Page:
Shmuel Rosner
April 3, 2008 - 5:38pm

"No, we cannot." We cannot cooperate with the Christian Zionists, Rabbi Eric H. Yoffie, President of the Union for Reform Judaism, told the annual conference of the movement's rabbis Wednesday night in Cincinnati, Ohio, according to copies of the speech distributed ahead of time to the press.

Not an easy thing to say, considering their powerful numbers and the depth of the Evangelicals' support for Israel. But Yoffie thinks it is important - not because of their stance on abortion, their policies against homosexuals or the fact they do not respect members of other religions.

These elements certainly add to the argument, particularly the last factor, but they are not the main reasons. "What they mean by support of Israel and what we mean by support of Israel are two very different things," Yoffie says, highlighting the real reason.

No one familiar with Yoffie's record and his positions on Israel would question his commitment to the state. He is one of the main proponents within the URJ for tightening the movement's bond with Israel, a bond that has not always been self-evident. This gives Yoffie's declaration special importance.

This isn't the first time the issue has come up among American Jews, but in the past most of the focus was on domestic issues. To put it simply, the question was: What's more important - fighting the Evangelicals over the image of America, or allying ourselves with them for Israel's sake? Two and a half years ago, Yoffie himself slammed the Evangelicals' attitudes to homosexuality.

In his speech Wednesday night, however, Yoffie declared that an alliance with Christian Zionists must be rejected for the sake of Israel. Christian Zionist support for Israel is harmful, he said. It's not "unconditional support for the Jewish state," but rather support for certain leaders, certain parties, for a political agenda that is unacceptable to Yoffie and, he believes, to a majority of Israelis. The Evangelicals reject a two-state solution and oppose Israeli territorial concessions, and for that reason the Reform Movement cannot cooperate with them.

Yoffie's speech focused on one man: John Hagee, founder of the Christians United for Israel lobby group. That in itself is notable, since Hagee ostensible received the stamp of approval when he was invited to speak to an AIPAC policy conference last year.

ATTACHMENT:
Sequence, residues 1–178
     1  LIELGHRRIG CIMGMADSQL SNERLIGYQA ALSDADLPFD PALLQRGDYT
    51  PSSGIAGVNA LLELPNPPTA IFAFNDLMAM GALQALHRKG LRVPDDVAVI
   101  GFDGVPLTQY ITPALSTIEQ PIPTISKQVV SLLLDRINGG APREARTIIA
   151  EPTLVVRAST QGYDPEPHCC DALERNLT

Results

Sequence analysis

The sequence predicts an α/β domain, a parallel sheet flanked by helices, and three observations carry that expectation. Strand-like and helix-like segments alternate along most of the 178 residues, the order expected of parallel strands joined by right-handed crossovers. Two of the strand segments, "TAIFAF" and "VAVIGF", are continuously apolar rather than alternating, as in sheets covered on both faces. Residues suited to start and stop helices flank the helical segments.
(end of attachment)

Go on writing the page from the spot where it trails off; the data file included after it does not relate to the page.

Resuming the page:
The facts are also under dispute with regard to Hagee, who says he will continue to support Israel whether or not it chooses to relinquish territory. About two years ago, in an interview to Haaretz at his church in San Antonio, Texas, Hagee said he would not lend a hand to returning territory but would not stand in the way if Israel chose that path. However, in that event, he said, he would shift his support from the political arena to other ones, such as Israeli hospitals and orphanages. Yoffie, it would appear, doesn't believe him.

Yoffie knows his rejection of the Christian Zionists will not be embraced in Israel. But he asks: "By what right do we expect others to walk away from those who make anti-Jewish or anti-Israel statements when we will not walk away from those who make anti-Islam or anti-Catholic statements?"

The Reform leader stresses he isn't rejecting support from the Evangelicals per se, but rather only those whose political goals he sees as unacceptable. Yoffie's aggressive speech may surprise many in his audience, since he has been a proponent of dialogue between Jews and Evangelicals for some years and even gave a speech at preacher Jerry Falwell's Liberty University in 2006.

Yoffie knows his own movement well. When it comes to Israel he is sometimes to the right of most of its more liberal members. In Wednesday night's speech, too, he did not hesitate to say a solution to the Israeli-Palestinian conflict may not be achievable in the near future. However, he said, "there is a huge difference between those who ask Israel to work patiently for a two-state solution that may be a long time in coming, and those who ask that the principle of such a solution be replaced by the vision of an apartheid state."


American Task Force on Palestine - 1634 Eye St. NW, Suite 725, Washington DC 20006 - Telephone: 202-262-0017